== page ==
Holiday Food Dos and Don’ts for Pets Holiday Food Dos and Don’ts for Pets

With the holidays just around the corner, food is sure to be top of mind as we attend back-to-back holiday parties and host guests from out of town. As the chaos of prepping and serving holiday food ensues, it’s important to remember that some members of family should not partake in all the eating activities: pets.

Several foods common at holiday gatherings are harmful to pets, so it’s important to stay vigilant about what your pet may be snacking on throughout the holiday season. To keep your pets happy and healthy throughout the entertaining season, here are my top five dos and don’ts:

1. Store foods properly.

cat in fridge eating food

The safest way to keep human foods away from cats (or limber dogs!), is to keep them stored safely in cabinets and drawers out of pets’ reach.

2. Keep an eye out for harmful ingredients.

boston terrier dog eyes onion

When it comes time to cook, ingredients that can be harmful to pets often drop to the floor unnoticed during the meal-prep process. Make sure these ingredients stay on the table and out of pet’s mouths:

Grapes/Raisins

The exact reason why grapes and raisins are bad for dogs is still being investigated, but both have been observed to cause acute kidney failure in dogs, and thus can be fatally toxic.

Chocolate

Most people know that chocolate is bad for dogs, but many don’t know why. Chocolate contains a caffeine-like ingredient called theobromine, which, depending on the dosage consumed, can lead to symptoms like hyperactivity, drooling, vomiting, and on the more serious end, heart arrhythmias.

Onions

Onions are rich in thiosulphate, an ingredient that can cause damage to red blood cells in both cats and dogs, resulting in a condition known as hemolytic anemia.

Xylitol

A sugar substitute found widely in sugar-free candy and gums, xylitol is highly toxic to pets, with just a small amount causing low blood sugar, seizures, liver failure and even death.

3. Treat them with natural foods you know are safe.

pets eye table food

There are certain holiday ingredients that can be nutritious for pets in moderation. While I don’t recommend feeding your animal companions blueberry pie or green bean casserole from the table, you can look for these ingredients in pet foods:

Turkey

A great lean protein for your pets, turkey is something the whole family – pets included – can feast on during holiday meals. It’s also a great alternative for pets who may have sensitivities to chicken.

Pumpkin

pumpkin is a great source of natural fiber for dogs and cats, and it is actually used by many vets to keep pets’ digestive systems running properly. Wellness TruFood Tasting Pairings recipes for cats and dogs is a natural, convenient way to ensure they’re getting their fill of fiber this season.

Chickpeas

Popular among humans and animals alike, specific foods from the legume family like chickpeas and lentils are packed with protein, fiber, iron and vitamins that can help your pet’s digestive health.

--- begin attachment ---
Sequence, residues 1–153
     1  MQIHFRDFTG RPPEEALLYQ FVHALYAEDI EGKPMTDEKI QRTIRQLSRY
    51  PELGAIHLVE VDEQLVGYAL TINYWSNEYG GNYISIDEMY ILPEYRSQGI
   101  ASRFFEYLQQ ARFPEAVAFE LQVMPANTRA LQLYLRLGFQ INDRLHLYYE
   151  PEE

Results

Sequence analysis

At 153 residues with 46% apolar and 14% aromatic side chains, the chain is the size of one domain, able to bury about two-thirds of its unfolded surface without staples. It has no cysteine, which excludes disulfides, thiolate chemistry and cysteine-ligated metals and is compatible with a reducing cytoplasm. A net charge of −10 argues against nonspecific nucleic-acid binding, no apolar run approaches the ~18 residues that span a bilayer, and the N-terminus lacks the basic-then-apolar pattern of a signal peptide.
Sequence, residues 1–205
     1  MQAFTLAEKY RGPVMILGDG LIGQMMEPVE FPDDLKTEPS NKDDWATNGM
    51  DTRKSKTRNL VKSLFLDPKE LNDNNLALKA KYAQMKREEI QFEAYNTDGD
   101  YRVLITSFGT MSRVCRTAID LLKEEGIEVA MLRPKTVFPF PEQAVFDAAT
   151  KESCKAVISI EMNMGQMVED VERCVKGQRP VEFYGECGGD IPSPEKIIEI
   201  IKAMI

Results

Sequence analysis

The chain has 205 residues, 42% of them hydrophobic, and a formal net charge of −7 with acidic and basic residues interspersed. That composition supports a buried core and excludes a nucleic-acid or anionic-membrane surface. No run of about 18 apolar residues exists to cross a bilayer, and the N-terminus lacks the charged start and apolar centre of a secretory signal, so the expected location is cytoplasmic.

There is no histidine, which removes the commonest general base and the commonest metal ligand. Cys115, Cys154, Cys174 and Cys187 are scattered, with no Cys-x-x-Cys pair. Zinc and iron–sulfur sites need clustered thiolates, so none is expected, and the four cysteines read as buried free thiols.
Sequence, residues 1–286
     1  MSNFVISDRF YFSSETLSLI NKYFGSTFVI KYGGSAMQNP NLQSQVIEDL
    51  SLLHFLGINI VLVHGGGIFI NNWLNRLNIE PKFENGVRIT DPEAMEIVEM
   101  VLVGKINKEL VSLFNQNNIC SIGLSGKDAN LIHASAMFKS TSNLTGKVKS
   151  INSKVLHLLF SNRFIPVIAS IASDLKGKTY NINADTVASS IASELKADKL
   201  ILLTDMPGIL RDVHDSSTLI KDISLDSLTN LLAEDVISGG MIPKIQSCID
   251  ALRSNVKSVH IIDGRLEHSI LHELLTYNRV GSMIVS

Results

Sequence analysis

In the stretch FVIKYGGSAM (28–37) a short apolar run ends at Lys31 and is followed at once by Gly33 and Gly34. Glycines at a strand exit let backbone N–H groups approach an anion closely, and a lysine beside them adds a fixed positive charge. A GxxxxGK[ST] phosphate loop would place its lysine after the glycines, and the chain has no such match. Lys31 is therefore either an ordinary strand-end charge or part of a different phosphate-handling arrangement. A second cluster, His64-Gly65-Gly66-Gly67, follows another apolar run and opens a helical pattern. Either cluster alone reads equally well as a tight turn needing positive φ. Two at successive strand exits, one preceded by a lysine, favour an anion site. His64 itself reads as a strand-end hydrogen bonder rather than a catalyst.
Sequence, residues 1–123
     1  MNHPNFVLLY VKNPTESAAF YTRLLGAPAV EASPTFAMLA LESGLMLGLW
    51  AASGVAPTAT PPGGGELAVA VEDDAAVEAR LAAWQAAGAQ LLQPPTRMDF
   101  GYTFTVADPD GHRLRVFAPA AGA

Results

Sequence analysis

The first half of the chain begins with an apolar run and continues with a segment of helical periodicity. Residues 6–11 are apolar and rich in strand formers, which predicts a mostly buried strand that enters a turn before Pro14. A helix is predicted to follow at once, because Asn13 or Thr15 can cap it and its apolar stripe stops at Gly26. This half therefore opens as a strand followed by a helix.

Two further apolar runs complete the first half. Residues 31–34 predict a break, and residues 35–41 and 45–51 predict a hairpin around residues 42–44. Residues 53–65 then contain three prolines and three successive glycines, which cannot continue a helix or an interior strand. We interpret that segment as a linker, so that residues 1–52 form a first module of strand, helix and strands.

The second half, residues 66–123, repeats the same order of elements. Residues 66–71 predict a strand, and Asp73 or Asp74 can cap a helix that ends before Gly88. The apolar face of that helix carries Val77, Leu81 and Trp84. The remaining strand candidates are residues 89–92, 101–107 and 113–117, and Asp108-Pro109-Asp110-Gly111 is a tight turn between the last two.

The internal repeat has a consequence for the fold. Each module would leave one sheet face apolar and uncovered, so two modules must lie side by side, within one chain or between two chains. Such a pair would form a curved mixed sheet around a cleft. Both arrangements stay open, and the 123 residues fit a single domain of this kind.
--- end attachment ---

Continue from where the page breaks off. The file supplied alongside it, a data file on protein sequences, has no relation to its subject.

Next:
Green Beans

Many people forget that greens are an important part of our pets’ diets as well. Vegetables like kale, spinach, and green beans are rich with antioxidants and vitamins that help support whole-body health in pets, much like they do in humans.

4. Avoid over-treating.

pets eating table treats for Christmas

While indulging is often a popular activity for humans during the holidays, “over-treating” pets can lead to more harm than good. While it’s tempting to encourage good behavior with treats, giving dogs too many treats can lead to things like GI upset and pancreatitis, not to mention added calories. Opt for an occasional treat that is rich with natural sources of nutrients, like the Wellness TruFood CocoaChia Bakes, made with coconut oil and chia seeds, to keep your pet feeling full, happy and healthy.

5. Toss the bones.

dog eats table scrap bones

Splitting the wishbone is often a family tradition after holiday meals, but be sure to keep these bones away from dogs and cats. Smaller bones can splinter and become lodged in or pierce the digestive tract, while larger bones can cause damage to your pet’s teeth. Stick to bones that have been made for pets to safely consume.

About Dr. Al Townshend, Veterinarian with Wellness Natural Pet Food:

Dr. Al is a graduate of the University of Georgia School of Veterinary Medicine. Prior to joining Wellness Natural Pet Food, he honed his skills in two large metropolitan animal practices, before establishing the Eastern Shore Animal Hospital in his hometown of Chestertown, Maryland. Dr. Al is a firm believer that superior nutrition is the key to a pet living a long, happy, and healthy life. He’s a contributing author of the text “Canine Sports Medicine” and has received the coveted “Golden Stethoscope Award” for his contributions above and beyond the call of duty in bringing veterinary care to the dogs of the Iditarod.

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